•Multiple Academy Award winning actress Katharine Hepburn told a story about a time when she was a teenager and she was standing in line with her father to buy tickets for the circus. The family in front of them consisted of two parents and their eight children, all of whom were under the age of 12. She writes, “The way they were dressed, you could tell they didn’t have a lot of money, but their clothes were neat and clean. The children were well-behaved, all of them standing in line, two-by-two behind their parents, holding hands. They were excitedly jabbering about the clowns, animals, and all the acts they would be seeing that night. By their excitement you could sense they had never been to the circus before. It would be a highlight of their lives. “The father and mother were at the head of the pack standing proud as could be. The mother was holding her husband’s hand, looking up at him as if to say, ‘You’re my knight in shining armor.’ He was smiling and enjoying seeing his family happy.” But when he heard the cost of the ten tickets, it was clear he couldn’t afford that. Hepburn adds, “How was he supposed to turn and tell his eight kids that he didn’t have enough money to take them to the circus? Seeing what was going on, my dad reached into his pocket, pulled out a $20 bill, and then dropped it on the ground. (We were not wealthy in any sense of the word!) My father bent down, picked up the $20 bill, tapped the man on the shoulder and said, ‘Excuse me, sir, this fell out of your pocket.’ “The man understood what was going on. He wasn’t begging for a handout but certainly appreciated the help in a desperate, heartbreaking and embarrassing situation. He looked straight into my dad’s eyes, took my dad’s hand in both of his, squeezed tightly onto the $20 bill, and with his lip quivering and a tear streaming down his cheek, he replied: ‘Thank you, thank you, sir. This really means a lot to me and my family.' “My father and I went back to our car and drove home. The $20 that my dad gave away is what we were going to buy our own tickets with. Although we didn’t get to see the circus that night, we both felt a joy inside us that was far greater than seeing the circus could ever provide. That day I learnt the value [of giving]. Hepburn ends her story by saying, “The importance of giving, blessing others can never be over emphasized because there’s always joy in giving. Learn to make someone happy by acts of giving.”...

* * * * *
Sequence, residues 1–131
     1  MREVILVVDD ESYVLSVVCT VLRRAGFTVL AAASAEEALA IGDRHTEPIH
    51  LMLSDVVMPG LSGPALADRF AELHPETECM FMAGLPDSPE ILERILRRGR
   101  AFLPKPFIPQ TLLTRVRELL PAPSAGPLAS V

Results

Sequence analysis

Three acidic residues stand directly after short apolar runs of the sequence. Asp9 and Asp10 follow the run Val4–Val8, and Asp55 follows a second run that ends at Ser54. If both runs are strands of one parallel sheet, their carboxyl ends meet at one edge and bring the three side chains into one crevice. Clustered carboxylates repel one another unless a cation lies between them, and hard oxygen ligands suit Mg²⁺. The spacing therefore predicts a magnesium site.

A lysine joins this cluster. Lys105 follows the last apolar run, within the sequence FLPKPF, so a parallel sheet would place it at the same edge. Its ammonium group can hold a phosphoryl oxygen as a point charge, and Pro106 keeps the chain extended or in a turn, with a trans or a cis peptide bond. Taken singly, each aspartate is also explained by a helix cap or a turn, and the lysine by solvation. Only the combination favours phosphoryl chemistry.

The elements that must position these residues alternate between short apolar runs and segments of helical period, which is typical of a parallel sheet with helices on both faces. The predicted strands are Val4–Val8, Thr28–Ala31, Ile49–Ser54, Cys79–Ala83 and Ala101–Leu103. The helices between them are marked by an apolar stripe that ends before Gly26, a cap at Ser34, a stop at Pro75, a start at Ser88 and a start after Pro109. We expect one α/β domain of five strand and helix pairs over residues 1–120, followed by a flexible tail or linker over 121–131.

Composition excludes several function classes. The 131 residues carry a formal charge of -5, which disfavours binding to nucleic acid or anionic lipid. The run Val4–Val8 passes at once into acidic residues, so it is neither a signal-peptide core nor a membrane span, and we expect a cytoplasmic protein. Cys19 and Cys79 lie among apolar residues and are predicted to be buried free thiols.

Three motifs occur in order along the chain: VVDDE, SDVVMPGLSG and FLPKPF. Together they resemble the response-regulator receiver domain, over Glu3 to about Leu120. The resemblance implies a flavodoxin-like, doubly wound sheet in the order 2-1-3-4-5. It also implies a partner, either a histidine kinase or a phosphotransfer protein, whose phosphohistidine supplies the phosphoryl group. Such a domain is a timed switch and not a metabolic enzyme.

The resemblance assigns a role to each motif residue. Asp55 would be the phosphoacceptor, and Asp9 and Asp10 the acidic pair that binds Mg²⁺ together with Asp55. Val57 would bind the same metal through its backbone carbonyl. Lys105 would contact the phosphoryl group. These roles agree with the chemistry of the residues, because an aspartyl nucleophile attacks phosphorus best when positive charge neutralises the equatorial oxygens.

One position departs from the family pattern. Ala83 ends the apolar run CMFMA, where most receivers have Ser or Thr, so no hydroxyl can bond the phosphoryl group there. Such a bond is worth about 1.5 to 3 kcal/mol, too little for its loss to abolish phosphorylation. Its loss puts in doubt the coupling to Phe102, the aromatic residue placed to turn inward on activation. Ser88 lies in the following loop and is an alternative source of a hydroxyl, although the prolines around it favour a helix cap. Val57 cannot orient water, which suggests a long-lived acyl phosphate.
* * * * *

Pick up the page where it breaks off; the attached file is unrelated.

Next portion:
• Choose This Day

    by David Russell
    I was at a training event with a guy named Ed White. Ed had served on a Presbytery staff--kind of like our regional staff. He told about a woman who worked in their office. She was warm, engaging, a hard worker, a committed Christian. But she started missing work on Mondays. A pattern developed. She would call in sick on Monday. Tuesday she would come in and be in a bad mood, irritable. Wednesday she would be her happy self, and the same on Thursday and Friday. But Monday, she wouldn’t show up for work again and the pattern would repeat. People on the staff recognized that she had become a crack cocaine addict. They gave her a choice. She could go to Seaton House, a drug treatment center, or lose her job. So she went for treatment. The whole time she was in the treatment center, she could not see anyone from the outside. She was in a demanding program with 30 other young adults. When she was released, she cut off all relationships whatsoever with anyone who had been involved with drugs. She basically had two groups of people in her life: her church and Narcotics Anonymous. There is good news and bad news in this story. This woman celebrated her 1 year anniversary of being drug-free. She was successful, she was happy, she was serving the Lord. She had a new life. That’s the good news. The bad news is that of those 30 young adults who went through the extensive drug treatment program at the Seaton House, she is the only one who celebrated a drug-free first anniversary...